The Answer to the Third-Grade Math Problem from Vietnam that has Stumped Millions

In the diagram, the blanks must be filled with any number between 1 and 9  so that the equation works. Each number can only be used once. The colon “:” means divide. (check out the answer)

Here’s how Alex Bellos of the Guardian, a newspaper in the United Kingdom, explains it in his May 21, 2015 column, “Alex Bellos’s Adventures in Numberland:”

Rewrite the snake as an equation:

a + (13b/c) + d + 12e – f – 11 + (gh/i)– 10 = 66

We are trying to find a, b, c, d, e, f, g, h and i, which we know are some combination of the digits 1,2,3,4,5,6,7,8 and 9.

Before we even look for a solution, consider the total number of ways we could fill in the snake: there are 362,880 possible combinations of the digits 1 to 9 placed in nine slots.

We can tidy the equation to:

a + (13b/c) + d + 12e – f +(gh/i) = 66 + 11 + 10 = 87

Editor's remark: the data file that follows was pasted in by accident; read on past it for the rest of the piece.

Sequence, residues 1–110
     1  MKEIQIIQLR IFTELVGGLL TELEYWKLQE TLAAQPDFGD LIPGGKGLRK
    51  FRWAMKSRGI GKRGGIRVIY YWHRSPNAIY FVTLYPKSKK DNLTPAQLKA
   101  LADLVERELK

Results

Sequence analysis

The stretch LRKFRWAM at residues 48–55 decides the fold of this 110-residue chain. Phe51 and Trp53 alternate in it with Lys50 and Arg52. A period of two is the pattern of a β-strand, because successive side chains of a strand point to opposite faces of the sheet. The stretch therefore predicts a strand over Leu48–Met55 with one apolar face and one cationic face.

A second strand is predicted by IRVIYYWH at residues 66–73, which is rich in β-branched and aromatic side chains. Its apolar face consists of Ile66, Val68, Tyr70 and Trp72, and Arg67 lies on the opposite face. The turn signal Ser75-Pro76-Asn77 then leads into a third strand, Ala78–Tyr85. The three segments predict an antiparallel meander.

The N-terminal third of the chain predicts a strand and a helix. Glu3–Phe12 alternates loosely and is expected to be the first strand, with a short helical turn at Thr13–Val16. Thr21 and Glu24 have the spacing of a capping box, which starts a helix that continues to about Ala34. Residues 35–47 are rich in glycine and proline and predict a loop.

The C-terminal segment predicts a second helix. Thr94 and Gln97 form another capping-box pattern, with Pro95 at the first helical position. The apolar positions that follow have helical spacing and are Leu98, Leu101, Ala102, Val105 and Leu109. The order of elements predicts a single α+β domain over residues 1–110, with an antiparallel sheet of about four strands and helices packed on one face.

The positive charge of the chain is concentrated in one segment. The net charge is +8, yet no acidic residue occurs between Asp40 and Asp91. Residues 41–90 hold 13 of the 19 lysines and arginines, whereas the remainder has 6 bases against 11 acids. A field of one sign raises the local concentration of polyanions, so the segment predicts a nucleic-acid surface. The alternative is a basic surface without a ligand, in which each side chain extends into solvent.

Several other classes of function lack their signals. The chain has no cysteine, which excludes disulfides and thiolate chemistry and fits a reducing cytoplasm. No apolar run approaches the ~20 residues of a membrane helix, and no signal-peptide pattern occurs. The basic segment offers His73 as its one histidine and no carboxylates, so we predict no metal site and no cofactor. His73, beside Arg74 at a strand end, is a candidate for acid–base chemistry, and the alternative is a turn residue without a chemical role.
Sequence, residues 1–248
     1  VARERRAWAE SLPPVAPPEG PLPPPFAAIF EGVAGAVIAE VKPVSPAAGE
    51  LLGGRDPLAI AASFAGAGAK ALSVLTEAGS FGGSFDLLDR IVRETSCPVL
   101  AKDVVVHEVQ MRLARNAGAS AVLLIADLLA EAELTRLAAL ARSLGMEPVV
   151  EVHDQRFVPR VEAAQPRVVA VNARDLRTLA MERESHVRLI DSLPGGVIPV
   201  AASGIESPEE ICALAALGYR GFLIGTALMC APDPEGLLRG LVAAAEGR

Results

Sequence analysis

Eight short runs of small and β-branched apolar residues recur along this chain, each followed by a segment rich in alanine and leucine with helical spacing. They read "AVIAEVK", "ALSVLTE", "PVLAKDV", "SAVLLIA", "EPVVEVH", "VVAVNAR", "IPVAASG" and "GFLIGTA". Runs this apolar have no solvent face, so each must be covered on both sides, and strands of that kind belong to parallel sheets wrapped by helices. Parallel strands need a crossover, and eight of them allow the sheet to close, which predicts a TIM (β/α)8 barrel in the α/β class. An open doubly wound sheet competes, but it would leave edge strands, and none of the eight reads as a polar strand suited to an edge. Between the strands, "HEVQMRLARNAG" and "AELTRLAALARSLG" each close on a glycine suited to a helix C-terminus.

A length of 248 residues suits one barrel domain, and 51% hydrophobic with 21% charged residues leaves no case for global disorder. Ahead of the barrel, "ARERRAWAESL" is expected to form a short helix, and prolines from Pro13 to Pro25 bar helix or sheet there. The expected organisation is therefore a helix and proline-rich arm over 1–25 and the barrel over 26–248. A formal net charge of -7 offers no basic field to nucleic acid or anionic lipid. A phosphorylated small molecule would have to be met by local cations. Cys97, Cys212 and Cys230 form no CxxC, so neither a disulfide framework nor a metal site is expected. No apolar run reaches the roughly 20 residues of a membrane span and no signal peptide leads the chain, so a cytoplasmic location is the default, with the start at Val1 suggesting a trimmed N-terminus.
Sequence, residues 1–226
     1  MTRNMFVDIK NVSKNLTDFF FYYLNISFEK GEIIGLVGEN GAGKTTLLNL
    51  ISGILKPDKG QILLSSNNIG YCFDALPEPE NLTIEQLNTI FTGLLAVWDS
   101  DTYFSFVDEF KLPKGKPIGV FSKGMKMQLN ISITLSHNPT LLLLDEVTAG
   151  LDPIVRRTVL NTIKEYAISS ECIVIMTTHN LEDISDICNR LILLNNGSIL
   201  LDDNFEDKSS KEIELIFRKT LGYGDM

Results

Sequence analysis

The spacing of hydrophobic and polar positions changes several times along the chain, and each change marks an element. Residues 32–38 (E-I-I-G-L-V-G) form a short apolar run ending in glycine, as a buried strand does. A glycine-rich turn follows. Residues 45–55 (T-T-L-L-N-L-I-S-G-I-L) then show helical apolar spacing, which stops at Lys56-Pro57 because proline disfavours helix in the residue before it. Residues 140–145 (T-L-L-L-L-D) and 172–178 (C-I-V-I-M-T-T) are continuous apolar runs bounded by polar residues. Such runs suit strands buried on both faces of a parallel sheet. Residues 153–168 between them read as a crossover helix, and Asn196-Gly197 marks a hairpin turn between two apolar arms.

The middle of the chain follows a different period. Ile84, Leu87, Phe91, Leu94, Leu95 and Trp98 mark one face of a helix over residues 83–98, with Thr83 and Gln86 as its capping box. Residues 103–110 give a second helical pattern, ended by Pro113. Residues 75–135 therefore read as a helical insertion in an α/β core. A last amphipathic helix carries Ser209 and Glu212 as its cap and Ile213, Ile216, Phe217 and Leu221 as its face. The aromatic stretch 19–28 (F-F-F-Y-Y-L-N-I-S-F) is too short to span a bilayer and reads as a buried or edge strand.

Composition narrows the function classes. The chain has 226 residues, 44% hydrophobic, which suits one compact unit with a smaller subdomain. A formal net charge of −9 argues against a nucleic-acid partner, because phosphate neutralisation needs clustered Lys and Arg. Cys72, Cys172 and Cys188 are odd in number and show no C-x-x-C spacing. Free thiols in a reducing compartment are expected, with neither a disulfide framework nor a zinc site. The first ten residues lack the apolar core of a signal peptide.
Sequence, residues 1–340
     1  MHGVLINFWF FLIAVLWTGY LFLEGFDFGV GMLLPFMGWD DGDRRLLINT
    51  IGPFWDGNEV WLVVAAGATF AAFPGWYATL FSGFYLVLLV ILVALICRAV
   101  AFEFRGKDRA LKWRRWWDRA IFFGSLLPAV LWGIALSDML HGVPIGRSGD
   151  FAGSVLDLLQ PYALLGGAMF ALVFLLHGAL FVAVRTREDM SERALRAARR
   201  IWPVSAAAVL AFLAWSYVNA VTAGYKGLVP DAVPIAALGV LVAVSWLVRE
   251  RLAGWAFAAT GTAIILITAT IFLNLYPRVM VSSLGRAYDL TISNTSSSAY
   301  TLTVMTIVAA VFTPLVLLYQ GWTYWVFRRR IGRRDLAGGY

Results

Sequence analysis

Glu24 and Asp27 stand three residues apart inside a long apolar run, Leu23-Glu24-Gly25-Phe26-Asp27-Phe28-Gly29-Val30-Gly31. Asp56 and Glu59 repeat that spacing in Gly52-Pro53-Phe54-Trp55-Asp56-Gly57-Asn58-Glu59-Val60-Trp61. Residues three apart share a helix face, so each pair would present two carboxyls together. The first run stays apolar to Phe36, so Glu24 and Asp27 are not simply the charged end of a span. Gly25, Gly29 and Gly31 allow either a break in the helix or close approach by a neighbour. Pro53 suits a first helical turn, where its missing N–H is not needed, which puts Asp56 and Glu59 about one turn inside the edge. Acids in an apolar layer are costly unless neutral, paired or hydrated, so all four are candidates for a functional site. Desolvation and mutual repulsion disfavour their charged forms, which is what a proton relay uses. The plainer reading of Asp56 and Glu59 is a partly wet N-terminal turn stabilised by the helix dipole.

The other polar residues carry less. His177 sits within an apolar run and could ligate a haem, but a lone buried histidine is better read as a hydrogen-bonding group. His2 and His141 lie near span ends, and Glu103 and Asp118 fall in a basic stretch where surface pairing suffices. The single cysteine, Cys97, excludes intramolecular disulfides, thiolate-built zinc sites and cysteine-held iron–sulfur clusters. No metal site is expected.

or

a + d – f + (13b/c) + 12e +(gh/i) = 87

From here we can assume that b/c and gh/i will be whole numbers, and also that we don’t want 13b/c to be too big.

Knowing this, we start plugging numbers in and seeing where we get to.

There is more than one solution, so there are many difference guesses that will lead to the right number. (I didn’t write a program, but many of you did and from the comments it would seem that there are well over 100 solutions.)

The most intuitive answer offered yesterday I thought belonged to the contributor Brollachain. To keep the term 13b/c as small as we can, he let b = 2 and c = 1.

Which gets us to

a + d – f + 26 + 12e +(gh/i) = 87

or

a + d – f + 12e +(gh/i) = 61

The numbers remaining are the digits from 3 to 9. They include the prime numbers 3, 5 and 7. As Brollachain recommends, lets get rid of them asap so they don’t complicate the other terms.

Let a = 3, d = 5 and f = 7.

Which leaves us with

3 + 5 – 7 + 12e +(gh/i) = 61

or

12e +(gh/i) = 60

The numbers remaining are 4,6,8,9.

Playing around with these gets us

e = 4

g = 9

h = 8

i = 6

48 + (72/6) = 48 +12 = 60

There are some puzzles that you solve with a flash of insight, and some others – like this one – where there is no alternative but trial and error.

Both kinds can be very satisfying to solve.